Anhydrous ammonia is one of the most commonly used fertilizers in agriculture. It is used as an efficient method of restoring nitrogen into the soil. It’s easy to apply and readily available.
However, it is also one of the most dangerous chemicals used in agriculture, requiring a great deal of caution and care in its use and handling. Due to its extremely low boiling point (anhydrous becomes a gas at -28 degrees F), anhydrous ammonia must be stored under high pressure. As a result all equipment required for its transport and application must be specially designed and well-maintained.
Inspection Is Key
Before any nurse or applicator tank is used, it should be inspected thoroughly for any defective equipment. Hoses are considered the weakest link in ammonia handling systems and should be checked carefully. Similarly all valves and couplers should be checked and tagged and taken out of service if found to be defective.
Other points of inspection include:
- Tires – check for proper inflation and tread
- Running gear – this includes the wagon frame tongue, anchor devices, wheel bearings, ball joints, and pins
- Warning lights – tanks should be equipped with turn signals, flashing warning lights, and red brake lights, all of which should be in proper working condition
- Safety signage – tanks should display the proper safety markings, including a slow-moving vehicle sign, the words Anhydrous Ammonia on both sides and rear of the tank, Inhalation Hazard on both sides of the tank, and a Department of Transportation placard number 1005 sign on front, back and sides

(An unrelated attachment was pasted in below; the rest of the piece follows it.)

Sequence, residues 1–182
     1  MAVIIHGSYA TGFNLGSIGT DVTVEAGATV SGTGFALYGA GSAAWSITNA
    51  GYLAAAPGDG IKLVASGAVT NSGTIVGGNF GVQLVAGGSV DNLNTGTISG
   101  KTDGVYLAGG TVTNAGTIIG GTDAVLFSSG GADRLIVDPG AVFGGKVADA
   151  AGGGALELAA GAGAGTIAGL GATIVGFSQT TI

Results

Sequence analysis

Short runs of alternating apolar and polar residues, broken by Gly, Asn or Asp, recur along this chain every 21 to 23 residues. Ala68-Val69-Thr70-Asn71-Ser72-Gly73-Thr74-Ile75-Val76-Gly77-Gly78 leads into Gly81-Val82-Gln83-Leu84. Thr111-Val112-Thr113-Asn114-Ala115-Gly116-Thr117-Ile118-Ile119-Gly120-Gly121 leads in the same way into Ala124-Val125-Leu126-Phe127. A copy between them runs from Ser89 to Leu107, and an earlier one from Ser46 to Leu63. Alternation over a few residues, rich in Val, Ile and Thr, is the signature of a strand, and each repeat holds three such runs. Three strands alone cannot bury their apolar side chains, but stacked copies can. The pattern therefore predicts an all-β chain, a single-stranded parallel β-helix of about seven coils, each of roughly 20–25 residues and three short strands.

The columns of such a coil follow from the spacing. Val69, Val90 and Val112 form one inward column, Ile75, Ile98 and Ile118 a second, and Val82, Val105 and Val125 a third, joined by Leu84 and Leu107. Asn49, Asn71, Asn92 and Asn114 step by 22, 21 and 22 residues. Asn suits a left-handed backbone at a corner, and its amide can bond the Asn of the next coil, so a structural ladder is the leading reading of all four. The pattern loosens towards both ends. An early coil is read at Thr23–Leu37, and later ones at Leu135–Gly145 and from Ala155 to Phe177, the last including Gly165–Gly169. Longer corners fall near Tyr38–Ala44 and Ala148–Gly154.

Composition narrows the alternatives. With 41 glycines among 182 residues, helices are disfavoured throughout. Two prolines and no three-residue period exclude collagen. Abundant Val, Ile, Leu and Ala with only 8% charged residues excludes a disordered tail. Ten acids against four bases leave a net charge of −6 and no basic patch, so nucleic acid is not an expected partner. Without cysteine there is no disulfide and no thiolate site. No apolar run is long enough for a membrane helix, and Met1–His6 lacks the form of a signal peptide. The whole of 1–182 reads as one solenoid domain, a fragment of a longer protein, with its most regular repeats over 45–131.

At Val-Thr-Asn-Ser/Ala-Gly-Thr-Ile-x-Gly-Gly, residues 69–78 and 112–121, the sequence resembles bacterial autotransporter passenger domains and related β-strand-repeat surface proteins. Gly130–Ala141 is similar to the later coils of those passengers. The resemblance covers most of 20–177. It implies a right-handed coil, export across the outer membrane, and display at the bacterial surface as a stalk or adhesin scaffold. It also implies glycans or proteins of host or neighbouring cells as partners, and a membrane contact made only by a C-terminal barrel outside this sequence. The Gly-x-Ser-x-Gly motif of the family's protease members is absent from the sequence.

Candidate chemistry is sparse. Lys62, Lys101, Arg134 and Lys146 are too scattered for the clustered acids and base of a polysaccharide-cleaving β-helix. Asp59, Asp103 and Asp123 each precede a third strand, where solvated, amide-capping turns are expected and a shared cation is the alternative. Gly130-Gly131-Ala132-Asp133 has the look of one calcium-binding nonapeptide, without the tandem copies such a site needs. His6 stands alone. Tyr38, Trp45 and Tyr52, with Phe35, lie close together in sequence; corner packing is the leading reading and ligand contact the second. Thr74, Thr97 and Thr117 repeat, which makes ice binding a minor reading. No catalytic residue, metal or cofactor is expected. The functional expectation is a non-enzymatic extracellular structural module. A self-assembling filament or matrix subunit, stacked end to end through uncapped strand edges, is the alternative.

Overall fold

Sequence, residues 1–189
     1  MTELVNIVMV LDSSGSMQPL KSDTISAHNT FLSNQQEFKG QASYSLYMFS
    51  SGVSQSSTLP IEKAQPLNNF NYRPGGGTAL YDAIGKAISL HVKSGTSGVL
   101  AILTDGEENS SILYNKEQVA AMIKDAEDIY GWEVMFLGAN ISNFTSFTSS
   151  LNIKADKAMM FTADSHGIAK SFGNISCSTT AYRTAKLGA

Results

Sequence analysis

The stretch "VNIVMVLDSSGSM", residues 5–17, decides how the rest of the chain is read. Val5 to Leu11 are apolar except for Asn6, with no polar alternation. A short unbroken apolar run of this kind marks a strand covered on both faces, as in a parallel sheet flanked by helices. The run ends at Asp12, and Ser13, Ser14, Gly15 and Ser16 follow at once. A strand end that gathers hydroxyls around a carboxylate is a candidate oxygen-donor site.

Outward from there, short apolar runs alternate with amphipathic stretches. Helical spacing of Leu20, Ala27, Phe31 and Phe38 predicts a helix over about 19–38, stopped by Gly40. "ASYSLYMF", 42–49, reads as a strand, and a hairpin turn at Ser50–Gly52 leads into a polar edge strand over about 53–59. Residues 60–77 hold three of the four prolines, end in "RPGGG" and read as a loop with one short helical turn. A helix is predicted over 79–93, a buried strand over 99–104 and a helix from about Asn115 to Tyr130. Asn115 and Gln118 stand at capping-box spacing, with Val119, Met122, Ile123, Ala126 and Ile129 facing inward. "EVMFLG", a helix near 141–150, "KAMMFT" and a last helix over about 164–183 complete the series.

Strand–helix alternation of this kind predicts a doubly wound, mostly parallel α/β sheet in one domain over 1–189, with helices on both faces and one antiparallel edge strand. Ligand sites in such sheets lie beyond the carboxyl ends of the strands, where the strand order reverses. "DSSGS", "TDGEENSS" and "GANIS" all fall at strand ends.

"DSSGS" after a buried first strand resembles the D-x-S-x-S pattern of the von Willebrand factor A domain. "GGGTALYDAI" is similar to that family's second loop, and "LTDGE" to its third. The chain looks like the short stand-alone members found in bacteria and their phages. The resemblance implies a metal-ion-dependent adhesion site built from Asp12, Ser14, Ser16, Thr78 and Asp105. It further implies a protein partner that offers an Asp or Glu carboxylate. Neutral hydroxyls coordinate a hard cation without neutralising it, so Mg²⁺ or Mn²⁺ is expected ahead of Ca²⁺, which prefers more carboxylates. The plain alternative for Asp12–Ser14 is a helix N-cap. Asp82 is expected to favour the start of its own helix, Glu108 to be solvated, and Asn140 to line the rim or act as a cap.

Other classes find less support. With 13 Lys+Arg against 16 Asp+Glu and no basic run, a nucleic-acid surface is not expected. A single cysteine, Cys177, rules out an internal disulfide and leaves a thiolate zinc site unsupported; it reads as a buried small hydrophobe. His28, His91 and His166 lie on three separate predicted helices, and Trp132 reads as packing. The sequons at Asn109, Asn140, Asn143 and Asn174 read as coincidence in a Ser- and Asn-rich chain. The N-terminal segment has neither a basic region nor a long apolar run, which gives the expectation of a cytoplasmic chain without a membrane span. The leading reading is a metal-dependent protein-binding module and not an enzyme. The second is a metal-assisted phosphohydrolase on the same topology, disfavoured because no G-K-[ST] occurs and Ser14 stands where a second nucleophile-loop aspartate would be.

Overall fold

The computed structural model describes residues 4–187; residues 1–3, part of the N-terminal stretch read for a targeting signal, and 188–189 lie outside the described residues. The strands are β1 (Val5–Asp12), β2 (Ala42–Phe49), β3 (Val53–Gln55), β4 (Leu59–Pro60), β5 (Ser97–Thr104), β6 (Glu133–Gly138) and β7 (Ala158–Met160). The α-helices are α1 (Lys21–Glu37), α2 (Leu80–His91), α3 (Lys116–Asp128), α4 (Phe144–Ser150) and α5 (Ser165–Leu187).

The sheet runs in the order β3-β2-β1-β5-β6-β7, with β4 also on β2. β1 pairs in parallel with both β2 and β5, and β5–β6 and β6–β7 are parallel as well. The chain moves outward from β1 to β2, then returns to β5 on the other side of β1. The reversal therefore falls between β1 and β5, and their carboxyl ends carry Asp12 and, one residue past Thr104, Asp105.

- Water tanks – each anhydrous tank should be equipped with emergency first aid water tanks that have been filled with clean water for treatment in the event the chemical comes into contact with your skin
Double Down and Cover Up
Any physical contact with the chemical can result in severe injuries or even death. Because anhydrous ammonia is a hygroscopic chemical, it wants to bond with water from the nearest source. If it comes into contact with your skin or eyes, it will draw all the moisture out of those tissues, resulting in rapid dehydration, severe burns, and frostbite. If inhaled, anhydrous can cause respiratory failure.
Because of this it’s important to have the appropriate personal protective equipment:
- Ventless, tight-fitting goggles or full-face shield
- Loose rubber gloves with long cuffs that can be rolled up to catch any liquid ammonia that drips down your arm
- A heavy, long-sleeved shirt
- Heavy denim pants or coveralls
- Contact lenses should not be worn, as ammonia can become trapped between the lenses and your eye, causing significant damage before the lenses can be removed
Anhydrous ammonia can be one of the more dangerous chemicals used in your ag operation. That’s why it’s important to take the time and care to ensure your equipment is in perfect working condition and you wear the right protective equipment. By following these procedures, you can reduce your risk of serious injury or death .